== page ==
“He is a wise man who does not grieve for the things which he has not, but rejoices for those which he has.” — Epictetus
When I began my academic career and clinical practice, I would wake up every morning with a feeling of dread. The heaviness and ache on my chest and in my mind, the struggle to attack the day, was oppressive and demoralizing. This crush of morning depression weakened me so much, I was worn out even before the tsunami of “to do” engulfed me.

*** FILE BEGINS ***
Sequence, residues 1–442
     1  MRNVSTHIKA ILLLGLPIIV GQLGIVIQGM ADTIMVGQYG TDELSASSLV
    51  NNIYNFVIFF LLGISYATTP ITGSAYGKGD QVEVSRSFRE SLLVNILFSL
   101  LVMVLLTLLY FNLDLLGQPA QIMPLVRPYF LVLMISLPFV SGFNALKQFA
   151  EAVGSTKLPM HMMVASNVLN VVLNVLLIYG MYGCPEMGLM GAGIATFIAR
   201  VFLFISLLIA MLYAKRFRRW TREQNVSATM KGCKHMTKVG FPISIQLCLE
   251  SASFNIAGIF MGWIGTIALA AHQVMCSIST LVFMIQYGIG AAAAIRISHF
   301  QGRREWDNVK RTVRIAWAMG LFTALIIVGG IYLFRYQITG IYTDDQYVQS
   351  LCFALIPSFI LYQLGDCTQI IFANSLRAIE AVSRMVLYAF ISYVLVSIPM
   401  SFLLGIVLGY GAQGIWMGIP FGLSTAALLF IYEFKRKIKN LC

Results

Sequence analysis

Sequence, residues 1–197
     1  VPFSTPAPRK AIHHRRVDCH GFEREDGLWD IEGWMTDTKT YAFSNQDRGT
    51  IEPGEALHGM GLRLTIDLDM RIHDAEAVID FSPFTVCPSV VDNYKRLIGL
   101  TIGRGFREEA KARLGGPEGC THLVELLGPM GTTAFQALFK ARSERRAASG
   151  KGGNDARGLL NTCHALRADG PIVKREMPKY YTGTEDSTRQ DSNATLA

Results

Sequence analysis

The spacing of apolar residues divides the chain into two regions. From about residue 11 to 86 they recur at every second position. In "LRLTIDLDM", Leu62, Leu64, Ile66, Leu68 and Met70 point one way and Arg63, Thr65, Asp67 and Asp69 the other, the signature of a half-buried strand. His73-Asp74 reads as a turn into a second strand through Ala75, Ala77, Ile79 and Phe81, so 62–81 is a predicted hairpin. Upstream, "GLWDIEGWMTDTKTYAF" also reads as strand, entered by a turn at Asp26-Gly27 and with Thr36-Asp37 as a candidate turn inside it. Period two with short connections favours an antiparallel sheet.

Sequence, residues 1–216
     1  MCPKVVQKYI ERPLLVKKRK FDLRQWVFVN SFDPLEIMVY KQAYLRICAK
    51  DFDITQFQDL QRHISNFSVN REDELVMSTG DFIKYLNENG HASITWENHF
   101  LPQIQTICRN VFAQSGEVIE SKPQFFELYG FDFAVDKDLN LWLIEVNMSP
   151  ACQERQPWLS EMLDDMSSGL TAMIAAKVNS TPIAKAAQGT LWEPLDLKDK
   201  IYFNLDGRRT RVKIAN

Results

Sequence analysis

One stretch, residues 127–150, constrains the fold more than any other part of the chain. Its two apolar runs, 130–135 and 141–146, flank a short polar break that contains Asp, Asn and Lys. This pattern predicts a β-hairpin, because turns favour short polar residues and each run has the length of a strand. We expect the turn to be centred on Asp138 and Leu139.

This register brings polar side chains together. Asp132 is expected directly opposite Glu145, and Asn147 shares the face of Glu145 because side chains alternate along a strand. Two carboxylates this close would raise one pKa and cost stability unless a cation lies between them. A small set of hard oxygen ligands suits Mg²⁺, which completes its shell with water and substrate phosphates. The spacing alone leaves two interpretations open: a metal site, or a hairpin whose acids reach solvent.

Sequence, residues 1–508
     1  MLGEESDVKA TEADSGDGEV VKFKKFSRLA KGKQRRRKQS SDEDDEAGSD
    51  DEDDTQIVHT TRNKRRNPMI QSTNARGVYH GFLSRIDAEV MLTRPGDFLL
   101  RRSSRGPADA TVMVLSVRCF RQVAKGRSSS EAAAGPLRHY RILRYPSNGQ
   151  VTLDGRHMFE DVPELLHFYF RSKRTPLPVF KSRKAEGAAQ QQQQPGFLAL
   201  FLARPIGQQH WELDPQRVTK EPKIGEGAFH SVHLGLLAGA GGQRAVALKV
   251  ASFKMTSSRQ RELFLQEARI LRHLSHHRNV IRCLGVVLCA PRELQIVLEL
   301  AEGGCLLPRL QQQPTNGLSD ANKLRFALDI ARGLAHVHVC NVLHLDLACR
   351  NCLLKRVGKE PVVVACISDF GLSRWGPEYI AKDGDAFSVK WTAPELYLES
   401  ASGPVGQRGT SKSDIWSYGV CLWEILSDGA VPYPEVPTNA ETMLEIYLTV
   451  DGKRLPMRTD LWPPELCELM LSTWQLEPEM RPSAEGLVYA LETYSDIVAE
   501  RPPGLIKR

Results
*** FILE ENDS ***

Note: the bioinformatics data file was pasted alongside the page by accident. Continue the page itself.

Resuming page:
Then one of my 12-step patients came back from a retreat marveling at how she was able to break this lifelong struggle she had in the morning, this heaviness and burdensome dread she’d wrestled with throughout her adult life. She was visibly more energized and jubilant. She had my attention.
“Tell me more,” I asked, as interested in her relief as I was in my own.
“Gratitude,” was all she said.
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